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"Jennyann" relates a family memory from 1940/1941 involving a late-night knock on the door from the Stockland Green contingent of the Home Guard, possibly a unit within the 31st Warwickshire (Birmingham) Battalion.

My mother's father, John Welch, had moved in with my father and mother during the war. He was living in Brantley Road, Witton and then moved to Hidson Road, Marsh Hill. Although there was an Anderson shelter in the garden the favourite spot during air raids was in the pantry close to the stairs where my Mother, her first born son and her Father shoehorned in whilst Hitler's bombers looked for the ICI and GEC.

My father was often holed up in Bournville Power Station for several nights hoping that Jerry hadn't got that station on their list or that he wasn't blown off his bike as he cycled the many miles from Erdington to Bournville and back. He slept under a heavy wooden table when on night shift with only a cat and mice for companions. I was on the way in 1941 and my Mother knitted furiously in the bombing raids to prepare for my birth. Mother told me how frightened she was most of the time especially after that menace Lord Haw-Haw would spell out local targets for that evening's bombing via the radio. We had several incendiary bombs in the Hidson Road area and one direct hit on a house in Woolmore Road not far from the Woolmore entrance to Witton Lakes Park. But we were very lucky overall compared to the inner city areas and suburbs of Erdington.

My Grandfather was very restless. He was 80 years old. Mom and Dad removed the bulbs from the landing and hall lights. The large long window on the stairs then didn't have to have any black out since everyone used shaded torches to find their way around on the stairs and in the hall.

Grandfather had his own torch and frequently used to get up in the night to make tea. He was unsteady on the stairs and would flash his torch around all over the place on his way to the kitchen. My parents didn't know about this and one night there was a loud knock on the front door. It was the Home Guard. My parents were informed that for several nights strange darting lights had been seen coming from our landing window and were going straight up into the sky. The officer wanted to know what was going on. It some time before it was realized that Grandfather was the culprit....almost accused of signalling to the German aeroplanes that came over frequently.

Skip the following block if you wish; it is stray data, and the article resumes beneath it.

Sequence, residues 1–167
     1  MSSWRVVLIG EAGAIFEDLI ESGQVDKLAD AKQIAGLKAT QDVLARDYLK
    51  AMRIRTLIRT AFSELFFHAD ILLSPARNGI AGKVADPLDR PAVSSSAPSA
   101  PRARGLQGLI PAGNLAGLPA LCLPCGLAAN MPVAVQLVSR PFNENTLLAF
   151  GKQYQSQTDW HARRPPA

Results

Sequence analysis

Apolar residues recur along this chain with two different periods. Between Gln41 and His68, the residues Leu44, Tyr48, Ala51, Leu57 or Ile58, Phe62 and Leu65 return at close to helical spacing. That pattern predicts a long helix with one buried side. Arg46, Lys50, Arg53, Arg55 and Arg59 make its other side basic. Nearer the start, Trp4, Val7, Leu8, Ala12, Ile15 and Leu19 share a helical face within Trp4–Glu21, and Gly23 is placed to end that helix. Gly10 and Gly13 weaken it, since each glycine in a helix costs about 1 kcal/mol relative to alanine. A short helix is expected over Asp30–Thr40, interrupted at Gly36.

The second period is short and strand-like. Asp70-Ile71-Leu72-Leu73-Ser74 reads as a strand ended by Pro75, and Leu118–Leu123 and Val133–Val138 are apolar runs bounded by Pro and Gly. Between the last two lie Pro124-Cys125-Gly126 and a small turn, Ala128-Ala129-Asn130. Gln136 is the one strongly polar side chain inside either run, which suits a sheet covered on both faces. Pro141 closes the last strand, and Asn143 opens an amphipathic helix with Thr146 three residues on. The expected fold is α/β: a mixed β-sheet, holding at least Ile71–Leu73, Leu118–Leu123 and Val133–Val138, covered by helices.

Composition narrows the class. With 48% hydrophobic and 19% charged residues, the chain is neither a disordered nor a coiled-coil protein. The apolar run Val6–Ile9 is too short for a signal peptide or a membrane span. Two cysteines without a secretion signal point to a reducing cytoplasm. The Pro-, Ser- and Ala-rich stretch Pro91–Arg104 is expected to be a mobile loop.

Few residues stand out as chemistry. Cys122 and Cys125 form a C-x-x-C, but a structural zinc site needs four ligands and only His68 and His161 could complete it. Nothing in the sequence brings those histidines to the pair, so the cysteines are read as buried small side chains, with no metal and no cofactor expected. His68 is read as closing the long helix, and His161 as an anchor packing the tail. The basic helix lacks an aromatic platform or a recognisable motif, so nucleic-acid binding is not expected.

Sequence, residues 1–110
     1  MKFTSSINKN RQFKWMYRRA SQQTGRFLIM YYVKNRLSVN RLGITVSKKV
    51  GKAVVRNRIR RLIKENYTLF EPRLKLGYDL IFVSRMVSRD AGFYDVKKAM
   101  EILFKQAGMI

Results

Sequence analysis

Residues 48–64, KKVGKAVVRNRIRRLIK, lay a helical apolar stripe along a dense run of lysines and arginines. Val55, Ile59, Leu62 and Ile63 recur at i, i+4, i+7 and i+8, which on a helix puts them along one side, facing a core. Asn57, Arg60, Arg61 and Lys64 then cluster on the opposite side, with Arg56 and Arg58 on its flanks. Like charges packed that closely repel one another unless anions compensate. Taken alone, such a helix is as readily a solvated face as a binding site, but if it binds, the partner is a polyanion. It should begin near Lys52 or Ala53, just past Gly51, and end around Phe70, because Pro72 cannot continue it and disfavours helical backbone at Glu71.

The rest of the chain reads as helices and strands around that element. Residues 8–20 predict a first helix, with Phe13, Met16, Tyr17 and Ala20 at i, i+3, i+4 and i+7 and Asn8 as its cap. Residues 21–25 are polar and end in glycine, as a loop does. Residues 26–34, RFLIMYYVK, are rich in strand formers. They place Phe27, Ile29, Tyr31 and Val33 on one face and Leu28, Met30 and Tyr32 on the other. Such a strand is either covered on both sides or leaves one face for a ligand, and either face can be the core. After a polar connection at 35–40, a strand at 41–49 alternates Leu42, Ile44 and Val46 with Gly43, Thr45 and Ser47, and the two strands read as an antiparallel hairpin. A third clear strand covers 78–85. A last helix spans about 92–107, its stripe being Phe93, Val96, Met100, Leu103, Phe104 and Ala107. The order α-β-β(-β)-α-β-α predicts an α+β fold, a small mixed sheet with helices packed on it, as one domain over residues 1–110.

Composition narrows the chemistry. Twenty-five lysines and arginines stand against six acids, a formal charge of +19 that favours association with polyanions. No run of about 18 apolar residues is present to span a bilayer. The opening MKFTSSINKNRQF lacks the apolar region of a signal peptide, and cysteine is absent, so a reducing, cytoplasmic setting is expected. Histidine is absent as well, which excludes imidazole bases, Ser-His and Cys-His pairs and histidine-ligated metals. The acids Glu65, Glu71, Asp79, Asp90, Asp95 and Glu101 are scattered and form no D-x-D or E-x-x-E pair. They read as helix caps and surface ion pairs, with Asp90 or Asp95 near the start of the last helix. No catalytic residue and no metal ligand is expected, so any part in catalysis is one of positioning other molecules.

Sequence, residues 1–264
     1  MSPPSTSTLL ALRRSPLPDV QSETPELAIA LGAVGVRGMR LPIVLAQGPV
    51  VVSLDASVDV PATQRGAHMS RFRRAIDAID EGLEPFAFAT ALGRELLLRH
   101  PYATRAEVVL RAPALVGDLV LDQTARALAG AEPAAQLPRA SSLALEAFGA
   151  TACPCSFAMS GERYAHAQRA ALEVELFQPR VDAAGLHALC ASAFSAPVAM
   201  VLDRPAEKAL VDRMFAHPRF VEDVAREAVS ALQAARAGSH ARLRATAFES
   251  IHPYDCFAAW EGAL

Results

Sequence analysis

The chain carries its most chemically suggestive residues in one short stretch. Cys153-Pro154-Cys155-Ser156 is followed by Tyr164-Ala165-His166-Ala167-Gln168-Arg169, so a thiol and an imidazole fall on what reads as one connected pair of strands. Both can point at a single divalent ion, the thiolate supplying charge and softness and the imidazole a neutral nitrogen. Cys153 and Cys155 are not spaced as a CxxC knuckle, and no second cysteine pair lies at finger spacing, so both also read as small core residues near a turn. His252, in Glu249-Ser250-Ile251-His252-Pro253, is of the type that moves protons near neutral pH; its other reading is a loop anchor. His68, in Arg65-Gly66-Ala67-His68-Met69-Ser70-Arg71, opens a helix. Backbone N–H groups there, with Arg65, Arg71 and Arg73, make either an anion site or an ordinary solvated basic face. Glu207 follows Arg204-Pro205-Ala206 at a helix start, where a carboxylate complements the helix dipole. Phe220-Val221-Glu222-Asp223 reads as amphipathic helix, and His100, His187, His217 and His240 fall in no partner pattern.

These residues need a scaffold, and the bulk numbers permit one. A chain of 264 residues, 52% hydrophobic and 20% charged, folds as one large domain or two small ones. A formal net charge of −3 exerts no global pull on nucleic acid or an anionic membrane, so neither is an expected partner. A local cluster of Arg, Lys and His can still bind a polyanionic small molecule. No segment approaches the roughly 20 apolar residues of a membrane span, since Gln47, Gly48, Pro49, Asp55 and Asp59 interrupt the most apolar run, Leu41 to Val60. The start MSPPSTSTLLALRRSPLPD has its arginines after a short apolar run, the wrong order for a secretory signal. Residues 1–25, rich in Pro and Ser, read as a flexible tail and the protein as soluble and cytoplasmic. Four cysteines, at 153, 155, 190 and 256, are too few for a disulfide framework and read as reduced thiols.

Thankfully all was sorted out and a blackout curtain was hastily made for the landing window!!!


Such seemingly trivial activities were an important part of the Home Guard's work, especially in the earlier period when the fear of fifth columnist operations was at its highest. Often the local unit was acting in response to a report from a member of the public. Elsewhere in this site similar incidents are described, these not far away in Streetly/Little Aston. This is the night log of one platoon.

August 23/24th, 1940
21.14 hrs.  Guard mounted. O.P. manned. Weather cloudy, wind N.W.
22.40   Visited by Company Commander and 2 i/c. Issued with
sixteen blankets.
23.15   Visited by Orderly Officer.   
23.50   'Phone message received from Deputy Warden: "Flashing lights reported by occupant of 164, Rosemary Hill Road,
in direction of Shenstone and Lichfield."   
Two men sent to investigate. Found to be flares used by Military at Owlets Farm, 1 miles from Shenstone.
23.45   Patrol contacted by searchlight unit.
02.45   Sirens sounded. 'Planes very active. Bombs and A.A. fire.
03.00   O.P. re-manned. Clear sky.
03.30   Visit by Orderly Officer.
03.50   All clear.
04.05  Sirens sounded. 'Planes over.
05.15  All clear.
06.00   Guard dismissed.

An officer of that unit later writes about other similar incidents, typical of every Home Guard unit:

The "flashing lights" keep our Guards busy and frequently involve long journeys and long and patient investigation before being cleared. Each report is investigated: one concerned a report of a local inhabitant that each night intermittent lights resembling signalling were visible from Rookery Wood in a north-westerly direction. It takes the whole platoon two hours and an organised scheme with three observation posts and with synchronised watches recording each flash to determine that the lights were masked headlights of cars topping a rise on the Chester Road a mile and a half away.

The Guard Book contains constant reference to a "bright" light seen each night at a certain spot. This proves on investigation to be a red railway signal light at Aldridge, three miles away. These checks are made almost nightly, and such reports, common in most H.G. units, tend to illustrate the effectiveness of countless watching eyes peering into the darkness throughout the country and the improbability of any serious happening which is not instantly spotted and reported.


Thus John Welch, his torch and his need for a cuppa was just another incident, typical of so many at a time when the blackness was total and the faintest unexplained glimmer would be investigated. It would have been logged and perhaps, somewhere, the record of it survives.....

Acknowledgement: We thank "jennyann", a member of the excellent Birmingham History webring forum, for providing the above story and generously allowing us to reproduce it in this website.

There's another memory of Hidson Road in WW2 here. (You will leave this site).